Category: Foster children

The Lone Rager (Spelled Correctly!)


Tommy drew this picture after watching an old black and white movie. I like the innocence of the picture, because the Lone Ranger was a good guy. But it made me think of the real life “lone ragers” who are out there waiting to explode and hurt people. A lot of them seem to have trauma histories, and the mental help they needed wasn’t provided.

As the parent of a trauma child, do you ever feel like nobody is listening to your cries for help? Like you’re yelling down a big empty hole in the ground, and it’s all for nothing?

You write a letter asking for help for your special needs child or a situation concerning that child, and you get no response? You leave emails and messages to people who might be able to help, but don’t get back answers, or the answers are vague an non-commital?

That’s all too familiar. But I notice that the yelling for help for our Trauma Kids is increasing, and if enough of us yell down the hole (so to speak), there’s bound to be an eventual earthquake!

We need  more resources to be provided to schools and teachers trained on childhood trauma. Residential facilities must be available when people and kids need to be kept safe, (They keep closing! WHY???)  And respites are needed for families of these kids.

Don’t give up. Yell, because these kids aren’t going away. You don’t want to read about another trauma kid being the next “Lone Rager” who endangers society.


How to Stay Calm in RAD Land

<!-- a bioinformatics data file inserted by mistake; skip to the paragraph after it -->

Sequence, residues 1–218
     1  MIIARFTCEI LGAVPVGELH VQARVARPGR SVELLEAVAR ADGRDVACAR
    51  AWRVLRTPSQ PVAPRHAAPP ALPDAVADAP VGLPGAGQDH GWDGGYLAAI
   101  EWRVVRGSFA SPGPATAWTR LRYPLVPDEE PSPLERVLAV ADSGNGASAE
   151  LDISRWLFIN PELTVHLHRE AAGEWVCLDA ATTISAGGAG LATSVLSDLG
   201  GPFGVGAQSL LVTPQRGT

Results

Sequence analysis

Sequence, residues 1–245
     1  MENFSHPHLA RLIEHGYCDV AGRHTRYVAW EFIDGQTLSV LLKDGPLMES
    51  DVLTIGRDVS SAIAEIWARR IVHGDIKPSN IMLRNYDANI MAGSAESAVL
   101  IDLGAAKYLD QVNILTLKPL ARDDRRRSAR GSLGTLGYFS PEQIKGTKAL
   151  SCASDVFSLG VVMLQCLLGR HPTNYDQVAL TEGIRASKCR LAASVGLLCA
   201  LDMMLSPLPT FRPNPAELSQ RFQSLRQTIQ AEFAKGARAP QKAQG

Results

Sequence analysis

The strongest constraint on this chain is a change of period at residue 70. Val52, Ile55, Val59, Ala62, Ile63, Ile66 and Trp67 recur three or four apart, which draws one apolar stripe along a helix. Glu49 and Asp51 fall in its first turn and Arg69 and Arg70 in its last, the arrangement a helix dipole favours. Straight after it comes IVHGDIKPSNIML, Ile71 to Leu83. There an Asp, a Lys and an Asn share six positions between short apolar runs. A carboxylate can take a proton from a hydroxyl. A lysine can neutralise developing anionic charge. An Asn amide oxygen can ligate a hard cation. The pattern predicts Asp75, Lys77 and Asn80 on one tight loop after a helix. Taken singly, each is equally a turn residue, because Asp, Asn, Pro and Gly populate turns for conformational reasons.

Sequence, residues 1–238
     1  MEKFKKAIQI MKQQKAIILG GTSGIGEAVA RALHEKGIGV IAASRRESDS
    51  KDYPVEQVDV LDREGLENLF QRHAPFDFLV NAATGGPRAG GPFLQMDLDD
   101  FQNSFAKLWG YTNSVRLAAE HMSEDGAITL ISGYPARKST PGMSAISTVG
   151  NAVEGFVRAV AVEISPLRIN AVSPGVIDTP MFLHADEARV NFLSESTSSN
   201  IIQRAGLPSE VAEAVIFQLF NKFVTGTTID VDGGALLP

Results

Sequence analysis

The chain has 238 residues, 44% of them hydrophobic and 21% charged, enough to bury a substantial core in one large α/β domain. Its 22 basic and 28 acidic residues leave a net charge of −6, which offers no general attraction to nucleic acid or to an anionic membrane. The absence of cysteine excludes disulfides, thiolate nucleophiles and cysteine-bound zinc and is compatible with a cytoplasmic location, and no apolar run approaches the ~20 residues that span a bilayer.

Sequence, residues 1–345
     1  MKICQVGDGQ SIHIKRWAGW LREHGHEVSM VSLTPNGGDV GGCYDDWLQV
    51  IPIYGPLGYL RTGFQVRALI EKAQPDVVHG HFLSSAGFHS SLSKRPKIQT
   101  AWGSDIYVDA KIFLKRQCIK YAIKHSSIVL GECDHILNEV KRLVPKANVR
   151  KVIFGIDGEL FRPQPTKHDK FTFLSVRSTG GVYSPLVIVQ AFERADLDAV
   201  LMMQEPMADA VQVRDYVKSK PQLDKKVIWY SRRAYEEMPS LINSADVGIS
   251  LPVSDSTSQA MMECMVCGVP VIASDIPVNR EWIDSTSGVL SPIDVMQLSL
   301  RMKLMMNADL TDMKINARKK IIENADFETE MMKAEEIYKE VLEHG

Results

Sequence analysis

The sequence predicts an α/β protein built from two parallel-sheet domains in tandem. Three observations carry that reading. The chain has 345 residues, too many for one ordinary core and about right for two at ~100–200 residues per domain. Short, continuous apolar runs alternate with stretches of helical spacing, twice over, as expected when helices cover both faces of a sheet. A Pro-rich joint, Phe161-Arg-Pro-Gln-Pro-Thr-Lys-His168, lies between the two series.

Canva-Field-of-Flowers-Nealie-RoseIf you are a parent of a Developmental Trauma or RAD child, it’s the hardest thing to stay calm. I know first-hand. (See page 168 of Chasing Lilly when I could have creamed Lilly in the locker room, lol!)

There are some things that you can do to help stay calm.

When your child acts out in a big way, don’t say a n y t h i n g. Secure the area for safety, and as long as nobody is in danger, keep quiet. At least until you can think clearly instead of react. Your heart may be hammering so hard inside your rib cage that you think you’ll stroke out, but staying quiet instead of screaming helps, if you can do it. 🙂

Pay attention to your body’s signals. Do you clentch your fists when you are angry? Then when that begins, make a point of holding your hands open so that you can’t form a stress-fist. If you clamp your jaw or grind your teeth before a rage, make a point of keeping your jaw relaxed and slightly open. Do you get all red and hot? Put an ice cube on your forehead or in your mouth. You can close your eyes and breathe for a minute while you pray.

Doing these things could actually help you keep from doing something foolish while you work on an appropriate response to your child.


P.S. If you’ve never listened to an audio book and would like to try Audibles so you can listen to Chasing Lilly, here’s the link!